Trees are prominent features for both residential and commercial properties. Owners have a responsibility to understand and properly maintain the trees on their land – especially if they are shared with or may impact neighbouring land.

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Tree trespassing, often referred to as nuisance trees, occurs when the roots, branches, shedding debris or actions of an owner of a border tree interferes or causes damage to a neighbouring property. Neighbours who have a tree trespassing on their property are legally entitled to remove any offending parts of the tree. The neighbour can cut the roots, branches or shedding debris of the trespassing tree without consent from the owner of the property on which the tree lives.

It is important to understand the difference between boundary and border trees.

These two classifications dictate responsibility and liability for maintaining trees and the safety of the property on which they stand. Boundary trees have a trunk or visible roots that grow across a property line. The landowner and neighbour are both responsible for maintaining these trees, as they are common property for both parties. If a boundary tree is to be removed, consent is needed from both parties.

Border trees have a trunk or visible roots that are close to but not over the property line. This means that the landowner is solely responsible for maintaining the tree or trees.

While the idea of tree trespassing and responsibility over trees might seem simple, there are actually a lot of laws involved that many property owners might not be aware of. For example, did you know that leaning ladders against a tree to cut overhanging branches is considered trespassing? And for the more contemporary tree-concerned citizen, did you know that using selfie sticks to inspect the neighbour’s trees is also considered trespassing?

These laws differ according to where the property is located, so it’s important to look up all provincial and territorial laws, regulations and policies before removing, trimming or even taking a photo of a tree that is shared with a neighbouring property.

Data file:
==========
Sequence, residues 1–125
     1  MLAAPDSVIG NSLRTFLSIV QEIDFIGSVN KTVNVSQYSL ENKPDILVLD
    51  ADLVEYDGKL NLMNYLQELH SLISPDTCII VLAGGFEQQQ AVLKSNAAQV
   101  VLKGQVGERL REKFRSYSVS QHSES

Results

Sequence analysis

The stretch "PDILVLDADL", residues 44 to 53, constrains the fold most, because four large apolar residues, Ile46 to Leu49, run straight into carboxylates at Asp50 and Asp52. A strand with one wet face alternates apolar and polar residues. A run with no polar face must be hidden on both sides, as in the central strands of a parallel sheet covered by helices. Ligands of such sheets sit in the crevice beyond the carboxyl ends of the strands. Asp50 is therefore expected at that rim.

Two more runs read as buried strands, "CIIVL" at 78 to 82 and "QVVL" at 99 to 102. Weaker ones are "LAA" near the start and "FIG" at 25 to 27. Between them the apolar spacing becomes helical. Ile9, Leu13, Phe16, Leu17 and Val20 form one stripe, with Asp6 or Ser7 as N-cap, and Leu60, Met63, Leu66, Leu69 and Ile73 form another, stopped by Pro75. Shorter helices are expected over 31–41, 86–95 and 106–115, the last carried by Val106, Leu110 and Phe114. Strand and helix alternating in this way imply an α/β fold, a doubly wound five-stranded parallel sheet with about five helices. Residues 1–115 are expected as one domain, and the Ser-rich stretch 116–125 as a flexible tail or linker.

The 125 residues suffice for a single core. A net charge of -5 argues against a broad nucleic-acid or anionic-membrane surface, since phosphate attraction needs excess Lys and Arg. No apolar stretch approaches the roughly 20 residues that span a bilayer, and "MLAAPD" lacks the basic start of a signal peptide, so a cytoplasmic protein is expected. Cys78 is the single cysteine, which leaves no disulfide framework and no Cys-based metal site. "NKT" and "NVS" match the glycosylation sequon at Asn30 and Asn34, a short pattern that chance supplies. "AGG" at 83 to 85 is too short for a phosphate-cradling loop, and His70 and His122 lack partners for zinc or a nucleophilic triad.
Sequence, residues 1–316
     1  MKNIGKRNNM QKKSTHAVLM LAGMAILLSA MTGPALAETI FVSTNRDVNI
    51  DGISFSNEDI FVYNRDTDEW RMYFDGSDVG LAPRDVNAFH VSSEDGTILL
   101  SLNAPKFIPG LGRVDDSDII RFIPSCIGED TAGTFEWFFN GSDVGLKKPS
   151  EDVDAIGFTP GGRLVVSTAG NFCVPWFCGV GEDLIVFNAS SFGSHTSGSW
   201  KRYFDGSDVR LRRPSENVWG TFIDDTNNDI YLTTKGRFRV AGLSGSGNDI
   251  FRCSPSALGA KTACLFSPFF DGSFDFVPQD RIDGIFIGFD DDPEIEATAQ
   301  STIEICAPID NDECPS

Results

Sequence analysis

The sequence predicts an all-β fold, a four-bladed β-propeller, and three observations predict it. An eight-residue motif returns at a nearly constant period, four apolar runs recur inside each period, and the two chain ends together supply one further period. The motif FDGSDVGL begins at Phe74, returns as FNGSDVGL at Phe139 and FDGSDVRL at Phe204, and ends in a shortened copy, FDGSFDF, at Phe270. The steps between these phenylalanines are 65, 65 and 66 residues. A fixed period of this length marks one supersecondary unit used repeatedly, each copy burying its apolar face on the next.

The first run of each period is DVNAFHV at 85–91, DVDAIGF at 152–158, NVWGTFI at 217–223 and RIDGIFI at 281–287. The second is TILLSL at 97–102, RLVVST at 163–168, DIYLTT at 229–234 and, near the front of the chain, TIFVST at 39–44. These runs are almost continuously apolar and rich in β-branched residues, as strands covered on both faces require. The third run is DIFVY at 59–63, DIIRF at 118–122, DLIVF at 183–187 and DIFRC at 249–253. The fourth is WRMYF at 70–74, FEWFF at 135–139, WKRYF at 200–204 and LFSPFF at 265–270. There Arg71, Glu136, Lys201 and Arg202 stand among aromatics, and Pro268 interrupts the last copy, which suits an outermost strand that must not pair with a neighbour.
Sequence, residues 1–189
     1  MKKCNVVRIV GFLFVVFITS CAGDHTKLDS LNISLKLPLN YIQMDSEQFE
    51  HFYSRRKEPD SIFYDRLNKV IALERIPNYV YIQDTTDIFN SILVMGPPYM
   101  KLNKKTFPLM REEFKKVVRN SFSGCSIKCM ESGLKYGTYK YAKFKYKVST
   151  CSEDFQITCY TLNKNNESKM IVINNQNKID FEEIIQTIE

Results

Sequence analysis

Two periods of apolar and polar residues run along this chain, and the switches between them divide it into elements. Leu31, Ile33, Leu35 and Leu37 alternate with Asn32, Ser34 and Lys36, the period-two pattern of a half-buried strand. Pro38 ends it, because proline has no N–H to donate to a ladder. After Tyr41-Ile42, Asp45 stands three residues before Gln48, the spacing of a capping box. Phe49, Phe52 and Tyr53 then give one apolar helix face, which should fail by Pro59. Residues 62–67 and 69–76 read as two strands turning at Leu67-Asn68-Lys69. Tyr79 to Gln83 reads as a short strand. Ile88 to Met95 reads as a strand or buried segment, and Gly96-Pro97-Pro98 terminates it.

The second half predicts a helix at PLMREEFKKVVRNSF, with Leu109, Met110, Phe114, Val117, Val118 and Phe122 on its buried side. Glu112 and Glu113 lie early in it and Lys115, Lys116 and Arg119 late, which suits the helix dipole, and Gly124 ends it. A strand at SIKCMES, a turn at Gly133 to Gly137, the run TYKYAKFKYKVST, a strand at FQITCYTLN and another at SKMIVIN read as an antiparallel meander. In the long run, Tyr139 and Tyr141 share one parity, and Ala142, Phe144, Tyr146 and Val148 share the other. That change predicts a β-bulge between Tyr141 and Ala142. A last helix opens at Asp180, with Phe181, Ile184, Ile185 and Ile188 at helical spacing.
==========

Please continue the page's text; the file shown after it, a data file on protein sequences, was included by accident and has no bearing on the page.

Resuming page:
Additionally, if you’re purchasing a new property, it’s important to understand which trees are your sole responsibility and which will be a shared responsibility with neighbours.

Should a dispute over a neighbouring tree – or damage due to a tree – arise, the first step in resolving the conflict is to notify the neighbour that their tree is causing damage or inconveniencing the adjoining property. This is the fastest way to settle disputes, as tree owners are not always aware of how their trees may be impacting a neighbouring property.

This being said, the owner of the tree is responsible if the tree causes damage to the neighbouring property. This includes the tree falling into the neighbouring property.

The owner of the tree is not responsible for trimming parts of the tree that cross the border between the two properties – unless those parts are damaged and unsafe.

If a neighbour wants to trim parts of a border tree that is on their property, they can only do so to the property line. This includes tree parts that are underground and overhead. The owner of the tree is not responsible for incurring the cost of trimming.

Understanding the responsibility of tree ownership is an important part of owning a property. Sharing a tree with a neighbour should not be thought of as a nuisance, though.

For example, did you know that if a tree has fruit overhanging into a neighbouring property, the neighbour is responsible for offering it back to the tree owner? Small acts like that are what make trees a delight to share with neighbours.

2 COMMENTS

  1. Wow. The evergreen tree could harbor rabid rodents who could emerge and go on a blood rampage. I would call my lawyer before this escalates .

  2. Have always been curious about shade that results from the growth of a tree. If a mature tree exists at the time of a purchase, shade is a given. If a fast growing evergreen is planted by a new owner, which produces increasingly more shade over time, could that be a form of trespass as well? It reduces my ability to garden, enjoy the daylight and reduce the moisture in my yard. It may also contribute to an increased fire hazard to my property as per Fire Smart recommendations.

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